Print / View Finding Aid as Single Page

New-York Historical Society logo

Guide to the Brooke Astor Papers
1884-2007
 MS 3157

New-York Historical Society
170 Central Park West
New York, NY 10024
(212) 873-3400


New-York Historical Society

Collection processed by Eri Matsuda and Larry Weimer

This finding aid was produced using ArchivesSpace on July 01, 2022 using Describing Archives: A Content Standard

Biographical / Historical

Brooke Astor (then Roberta Brooke Russell) was born in 1902 in New Hampshire to John Henry Russell Jr. (1872-1947) and Mabel Cecile Hornby Howard Russell (1879–1967). John Russell joined the U.S. Marine Corps in 1894 and certain of his career postings pertain to documents in the collection and to Brooke's life. In particular, John Russell was stationed (with his family) in Honolulu, Hawaii, during Brooke's early childhood; in China during Brooke's early teenage years; and in Haiti during the U.S. occupation of that country, where the adult Brooke apparently visited. Brooke would document her recollections of her early years in a 1962 book "Patchwork Child."

Brooke married at the age of 17, in 1919, to John Dryden Kuser (who went by the call name "Dryden"), the son of a wealthy New Jersey businessman. They had one son, Anthony, but the marriage was an unhappy one, ending in divorce in 1930. Brooke married a second time, in 1932, to Charles "Buddy" Marshall. It was a happy marriage and Brooke Marshall's son by Dryden Kuser, Anthony, eventually took Marshall as his surname. During this marriage, in the 1940s, Brooke worked as an editor for House & Garden magazine. Marshall died in 1952 and Brooke married a third time, in 1953, to William Vincent Astor, taking the name Brooke Astor. Brooke recounted these marriages and more of her life in her 1980 memoir "Footprints."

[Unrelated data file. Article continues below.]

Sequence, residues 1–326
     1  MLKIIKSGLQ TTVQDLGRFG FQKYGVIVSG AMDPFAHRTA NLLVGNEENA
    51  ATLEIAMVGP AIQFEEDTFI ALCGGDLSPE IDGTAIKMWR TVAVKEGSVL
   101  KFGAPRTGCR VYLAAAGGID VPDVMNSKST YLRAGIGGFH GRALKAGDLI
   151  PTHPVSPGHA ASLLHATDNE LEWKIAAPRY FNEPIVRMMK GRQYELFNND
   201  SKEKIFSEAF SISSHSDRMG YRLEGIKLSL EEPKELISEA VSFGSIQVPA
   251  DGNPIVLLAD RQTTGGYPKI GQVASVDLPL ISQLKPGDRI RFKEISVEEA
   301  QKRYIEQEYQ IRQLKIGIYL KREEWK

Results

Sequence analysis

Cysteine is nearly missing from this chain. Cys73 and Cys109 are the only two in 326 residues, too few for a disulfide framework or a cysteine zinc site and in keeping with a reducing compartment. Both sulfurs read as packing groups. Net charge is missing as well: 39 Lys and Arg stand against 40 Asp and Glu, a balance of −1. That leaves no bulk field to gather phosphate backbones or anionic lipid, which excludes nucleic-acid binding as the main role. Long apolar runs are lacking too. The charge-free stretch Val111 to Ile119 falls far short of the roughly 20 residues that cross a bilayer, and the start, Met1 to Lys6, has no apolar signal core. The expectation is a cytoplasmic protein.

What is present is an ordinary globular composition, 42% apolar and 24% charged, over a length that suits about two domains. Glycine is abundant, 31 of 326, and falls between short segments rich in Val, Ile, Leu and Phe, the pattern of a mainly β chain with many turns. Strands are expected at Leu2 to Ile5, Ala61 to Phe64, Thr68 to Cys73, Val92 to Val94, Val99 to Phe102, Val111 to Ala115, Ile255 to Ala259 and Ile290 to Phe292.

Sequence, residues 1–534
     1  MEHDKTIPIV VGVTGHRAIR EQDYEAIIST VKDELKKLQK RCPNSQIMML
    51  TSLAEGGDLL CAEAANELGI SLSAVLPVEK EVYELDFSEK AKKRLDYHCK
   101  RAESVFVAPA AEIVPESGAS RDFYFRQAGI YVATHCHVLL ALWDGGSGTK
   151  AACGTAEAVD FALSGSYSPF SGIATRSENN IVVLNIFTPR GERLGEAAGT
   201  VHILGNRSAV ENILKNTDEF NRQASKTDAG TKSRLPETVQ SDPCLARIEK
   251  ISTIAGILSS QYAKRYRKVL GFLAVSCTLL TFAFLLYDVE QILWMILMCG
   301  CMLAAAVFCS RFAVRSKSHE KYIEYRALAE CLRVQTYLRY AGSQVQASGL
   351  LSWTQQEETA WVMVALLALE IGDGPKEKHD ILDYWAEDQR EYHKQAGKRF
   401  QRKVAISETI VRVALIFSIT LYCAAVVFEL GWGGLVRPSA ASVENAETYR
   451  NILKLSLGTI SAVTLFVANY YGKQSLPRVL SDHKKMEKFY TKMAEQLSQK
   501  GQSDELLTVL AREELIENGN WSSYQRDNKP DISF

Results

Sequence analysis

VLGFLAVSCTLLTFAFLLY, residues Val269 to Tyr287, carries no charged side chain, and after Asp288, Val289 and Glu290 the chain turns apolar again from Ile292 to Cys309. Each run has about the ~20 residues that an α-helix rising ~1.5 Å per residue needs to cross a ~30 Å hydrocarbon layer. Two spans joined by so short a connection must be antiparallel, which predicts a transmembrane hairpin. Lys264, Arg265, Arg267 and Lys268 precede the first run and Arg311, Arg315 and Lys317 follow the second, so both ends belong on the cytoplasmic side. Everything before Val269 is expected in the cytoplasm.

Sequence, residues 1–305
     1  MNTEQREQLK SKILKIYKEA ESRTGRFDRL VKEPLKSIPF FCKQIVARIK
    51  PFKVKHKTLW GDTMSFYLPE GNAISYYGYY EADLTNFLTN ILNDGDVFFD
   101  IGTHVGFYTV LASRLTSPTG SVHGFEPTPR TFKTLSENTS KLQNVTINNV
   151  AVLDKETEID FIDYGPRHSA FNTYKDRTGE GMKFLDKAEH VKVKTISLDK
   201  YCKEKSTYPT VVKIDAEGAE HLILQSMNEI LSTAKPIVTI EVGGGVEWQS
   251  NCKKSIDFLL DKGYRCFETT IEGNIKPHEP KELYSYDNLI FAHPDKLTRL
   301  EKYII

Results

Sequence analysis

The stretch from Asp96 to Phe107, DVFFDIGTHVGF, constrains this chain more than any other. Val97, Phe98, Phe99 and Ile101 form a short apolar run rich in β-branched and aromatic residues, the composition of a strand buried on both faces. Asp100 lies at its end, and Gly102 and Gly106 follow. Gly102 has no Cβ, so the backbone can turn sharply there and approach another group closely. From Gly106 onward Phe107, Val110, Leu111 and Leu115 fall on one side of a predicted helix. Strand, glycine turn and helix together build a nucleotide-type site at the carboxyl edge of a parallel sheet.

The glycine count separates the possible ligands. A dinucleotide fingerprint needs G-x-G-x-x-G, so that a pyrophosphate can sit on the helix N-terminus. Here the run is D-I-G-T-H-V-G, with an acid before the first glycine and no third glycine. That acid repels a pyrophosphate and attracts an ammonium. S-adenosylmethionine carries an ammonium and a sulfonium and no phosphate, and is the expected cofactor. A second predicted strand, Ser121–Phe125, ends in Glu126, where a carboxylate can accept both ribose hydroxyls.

Vincent Astor (he seems generally not to have used William) was a member of the wealthy Astor family. His father, John Jacob Astor IV, died in 1912 on the Titanic, leaving a fortune to Vincent, who left Harvard to pursue business and philanthropic interests with his riches. Vincent served with the Navy in both World War I and World War II, and even his yachts were re-purposed by the Coast Guard for military duty. Brooke was Vincent's third wife, and perhaps anticipating that his life would be short, engaged her in his philanthropic endeavors through the Vincent Astor Foundation. Vincent died in 1959, leaving the substance of his estate to Brooke, who also controlled the Foundation. For the last decades of her life, Brooke Astor pursued her philanthropic interests, among them the New York Public Library, the Metropolitan Museum of Art, the New York Zoological Society, and others. Brooke Astor died in 2007 at the age of 105.

(The above note was based on various on-line sources, including Wikipedia.)